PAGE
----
Lens mount developed by Nikon, typical used for line scan cameras

# Archives

# F-Number

= F-Stop = Aperture Value

# F-Stop

# F-Theta

F-Theta lenses are a class of Fisheye lenses

maintains angular distances

weak | medium | strong | max |
---|---|---|---|

115 | 159 | 217 | 360 and more |

# far point

Most distant point on the optical axis with an image of “acceptable sharpness”

Where CoC is the Circle of Confusion (the largest accepted Airy-disk) in **Millimeter**.

Alternatively, we can express the FarPoint using the magnification M :

**greyscale**Sensor mit 2.2 pixel pitch, we can use the pixel diagonal as CoC for crisp images, say

A 5 Mega lens with f=7.2mm focal length and F-stop F2.4, focused to an object distance of 100mm then has a far point of

und einen Nahpunkt von

and thus

**greyscale**Sony Sensor with 3.45 pixel pitch, we can choose as CoC the diagonal of the pixel for crisp images, say

A 5 Mega lens with f=7.2mm focal length and F-stop F2.4, focussed to 100mm then results in

mm

und einen Nahpunkt von

thus we get

**color**sensor instead we can use for crisp images. For the two sensors above we then get:

**same**DOF !!!

see also http://www.optowiki.info/blog/can-i-increase-the-dof-by-changing-the-focal-length/

The DOF is then, thus focussing to the hyperfocal distance results in the largest possible DOF.

# Field of View

(usually horizontal) extend of an object that’s visible on a sensor.

Sometimes the HFOV (horizontal field of view), sometimes the VFOV (Vertical Field of View) and sometimes the DFOV (Diagonal Field of View) matters. It’s of utmost importance to state clearly which matters.

# Fisheye Types

Various types of fisheye lenses are available.

Here a short overview:

Type | gnomonic | stereographic | F-Theta | equal area | orthographic |
---|---|---|---|---|---|

lens class | wide angle | Fisheye | Fisheye | Fisheye | Fisheye |

mapping function | |||||

maintaines | - | angles | angular distances | areas | planar illuminance |

AOV | <180° | <360° | >= 360° | 360° | 180° |

54° | 94° | 115° | 94° | 66° | |

75° | 131° | 159° | 131° | 90° | |

102° | 180° | 217° | 180° | 120° |

Source of the various angles: wikipedia

**equal area**lenses are also called “

**equisolid angle”**or

**“flächentreu”**

**F-Theta**lenses are also called “

**equidistant**“, “

**linear scaled**“, “

**äquidistant**” or “

**angular**”

**sterographic**lenses are also called “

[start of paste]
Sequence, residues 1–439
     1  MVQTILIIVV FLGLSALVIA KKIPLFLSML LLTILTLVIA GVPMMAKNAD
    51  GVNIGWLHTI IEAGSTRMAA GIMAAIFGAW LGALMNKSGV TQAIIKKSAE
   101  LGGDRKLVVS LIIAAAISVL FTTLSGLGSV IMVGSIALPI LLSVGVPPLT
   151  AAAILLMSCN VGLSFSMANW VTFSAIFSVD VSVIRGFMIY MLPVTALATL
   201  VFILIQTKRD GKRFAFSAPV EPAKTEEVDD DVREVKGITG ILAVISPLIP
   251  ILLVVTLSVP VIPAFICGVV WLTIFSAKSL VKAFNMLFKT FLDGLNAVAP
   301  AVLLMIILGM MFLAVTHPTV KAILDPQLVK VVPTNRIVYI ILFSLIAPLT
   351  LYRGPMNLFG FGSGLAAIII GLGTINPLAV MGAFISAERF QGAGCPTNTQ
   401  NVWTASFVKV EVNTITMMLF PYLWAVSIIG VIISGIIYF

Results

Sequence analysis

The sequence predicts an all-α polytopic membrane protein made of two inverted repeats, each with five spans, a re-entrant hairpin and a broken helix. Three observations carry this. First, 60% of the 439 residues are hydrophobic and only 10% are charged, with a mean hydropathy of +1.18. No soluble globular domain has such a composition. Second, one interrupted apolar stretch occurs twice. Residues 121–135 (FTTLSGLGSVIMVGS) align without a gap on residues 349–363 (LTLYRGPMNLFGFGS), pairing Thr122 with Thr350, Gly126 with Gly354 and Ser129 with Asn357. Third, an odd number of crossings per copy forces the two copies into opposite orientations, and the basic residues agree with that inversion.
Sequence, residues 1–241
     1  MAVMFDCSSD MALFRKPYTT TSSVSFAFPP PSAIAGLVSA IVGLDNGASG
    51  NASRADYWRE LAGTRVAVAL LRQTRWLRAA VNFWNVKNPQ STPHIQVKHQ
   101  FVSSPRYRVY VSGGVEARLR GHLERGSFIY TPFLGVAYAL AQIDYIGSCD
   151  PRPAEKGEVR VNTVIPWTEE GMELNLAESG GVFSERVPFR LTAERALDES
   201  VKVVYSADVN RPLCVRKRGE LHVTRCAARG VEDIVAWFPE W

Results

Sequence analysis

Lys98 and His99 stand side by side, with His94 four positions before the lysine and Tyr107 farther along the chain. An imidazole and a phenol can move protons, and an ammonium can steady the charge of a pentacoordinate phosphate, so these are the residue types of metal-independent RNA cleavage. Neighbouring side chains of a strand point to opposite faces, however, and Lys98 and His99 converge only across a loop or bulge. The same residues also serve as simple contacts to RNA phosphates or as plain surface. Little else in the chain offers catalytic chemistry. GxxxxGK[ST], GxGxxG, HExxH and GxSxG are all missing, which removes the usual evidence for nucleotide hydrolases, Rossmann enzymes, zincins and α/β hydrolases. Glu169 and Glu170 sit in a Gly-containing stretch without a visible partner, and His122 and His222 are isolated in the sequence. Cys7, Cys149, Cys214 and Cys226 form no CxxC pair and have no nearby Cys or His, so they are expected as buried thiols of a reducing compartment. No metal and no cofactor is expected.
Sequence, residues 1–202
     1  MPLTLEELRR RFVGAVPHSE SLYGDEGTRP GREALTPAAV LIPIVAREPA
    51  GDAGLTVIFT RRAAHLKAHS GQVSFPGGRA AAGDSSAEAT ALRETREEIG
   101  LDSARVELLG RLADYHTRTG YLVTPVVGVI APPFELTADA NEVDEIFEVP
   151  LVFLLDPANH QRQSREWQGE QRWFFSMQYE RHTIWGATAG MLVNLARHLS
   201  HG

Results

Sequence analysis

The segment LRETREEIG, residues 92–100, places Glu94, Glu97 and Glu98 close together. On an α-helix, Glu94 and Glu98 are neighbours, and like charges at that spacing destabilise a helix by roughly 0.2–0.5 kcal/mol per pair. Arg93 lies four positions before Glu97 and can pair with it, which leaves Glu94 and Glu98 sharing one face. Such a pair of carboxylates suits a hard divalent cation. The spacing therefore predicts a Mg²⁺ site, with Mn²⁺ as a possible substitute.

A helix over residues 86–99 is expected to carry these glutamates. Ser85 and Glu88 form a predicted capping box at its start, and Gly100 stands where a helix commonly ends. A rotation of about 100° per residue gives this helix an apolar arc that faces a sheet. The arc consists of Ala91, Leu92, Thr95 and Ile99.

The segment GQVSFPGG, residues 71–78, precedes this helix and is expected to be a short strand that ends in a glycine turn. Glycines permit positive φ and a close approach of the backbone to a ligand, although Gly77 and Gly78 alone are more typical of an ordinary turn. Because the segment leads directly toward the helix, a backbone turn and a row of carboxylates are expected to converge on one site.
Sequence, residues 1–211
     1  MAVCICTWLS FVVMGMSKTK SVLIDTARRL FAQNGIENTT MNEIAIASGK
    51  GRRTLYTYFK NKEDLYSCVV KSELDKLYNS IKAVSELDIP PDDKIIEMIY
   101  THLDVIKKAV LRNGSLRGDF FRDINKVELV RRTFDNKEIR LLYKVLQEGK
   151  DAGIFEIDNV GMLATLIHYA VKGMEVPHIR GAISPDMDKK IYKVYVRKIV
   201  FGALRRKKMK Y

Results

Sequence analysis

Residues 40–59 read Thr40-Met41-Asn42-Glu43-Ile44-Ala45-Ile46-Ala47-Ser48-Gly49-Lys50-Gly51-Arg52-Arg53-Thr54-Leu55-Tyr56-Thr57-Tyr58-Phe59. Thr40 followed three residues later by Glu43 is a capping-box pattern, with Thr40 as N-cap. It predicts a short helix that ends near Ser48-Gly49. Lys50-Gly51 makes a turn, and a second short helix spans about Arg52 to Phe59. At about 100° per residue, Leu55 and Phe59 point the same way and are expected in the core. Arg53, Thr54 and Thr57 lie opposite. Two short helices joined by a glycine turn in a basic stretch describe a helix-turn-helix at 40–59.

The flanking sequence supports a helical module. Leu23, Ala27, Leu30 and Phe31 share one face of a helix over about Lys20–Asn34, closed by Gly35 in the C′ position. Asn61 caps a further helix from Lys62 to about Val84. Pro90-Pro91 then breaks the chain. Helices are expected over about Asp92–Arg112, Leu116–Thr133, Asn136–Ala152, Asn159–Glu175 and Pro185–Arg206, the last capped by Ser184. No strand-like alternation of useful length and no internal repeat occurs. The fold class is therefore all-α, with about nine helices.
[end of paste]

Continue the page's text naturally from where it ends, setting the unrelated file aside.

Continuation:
**conform**“or “

**winkeltreu**”

**orthographic**lenses are also called”

**hemispherical**“or “

**orthographisch**”

For details see:

equal area

F-Theta

gnomonic

orthographic

stereographic

# focal length

The focal length is the distance from the Image side principal plane to the image of objects at infinity.

For single lenses in air that is equal to the distance from the first focal point to the first principal point.

(in each case measured from the left to the right)

Note that this is a positive value for converging lenses and a negative value for the divergent lenses.

The larger the focal length, the smaller the aperture angle of the lens and the smaller the object section that is displayed full-frame on the sensor.

The lens captures less of the object. Extremea are telephoto lenses and finally telescopes.

The smaller the focal length, the larger the aperture angle of the lens and the larger the object section which is displayed full-frame on the sensor.

The lens captures more of the object. Extreme forms are fisheye lenses.

Lenses are typically listed, sorted by focal length. As an approximation, lenses with larger focal length see a smaller portion of the object (in more detail).

There are exceptions! (See: pseudo-knowledge: viewing angle and focal length are equivalent)

However, Viewing angles change with the working distance! Also, a Pinhole lens model is assumed. Thus for wide angles a too small focal length is returned .. (as all focal length calculators on the internet do 😉 )

For the next calculator it is **very important** to correct the distortions before doing the calculation:

# focal point

Each (rotation symmetric) lens has two focal points on it’s optical axis.

They’re located where images of infinite distanct objects are generated.

The focal points belong to the Gauss-points.

When a ray of light is sent parallel to the optical axis into a lens or lens system, then the ray or it’s prolongation intersects the optical axis after exiting the last lens.

This intersection with the optical axis is called focal point.

The name is derived from “burning glasses” (imagine a magnifying glass) with which the (nearly parallel) sun beams are bundled to one point.

At this point it gets so hot that wood or paper placed at this spot starts to burn.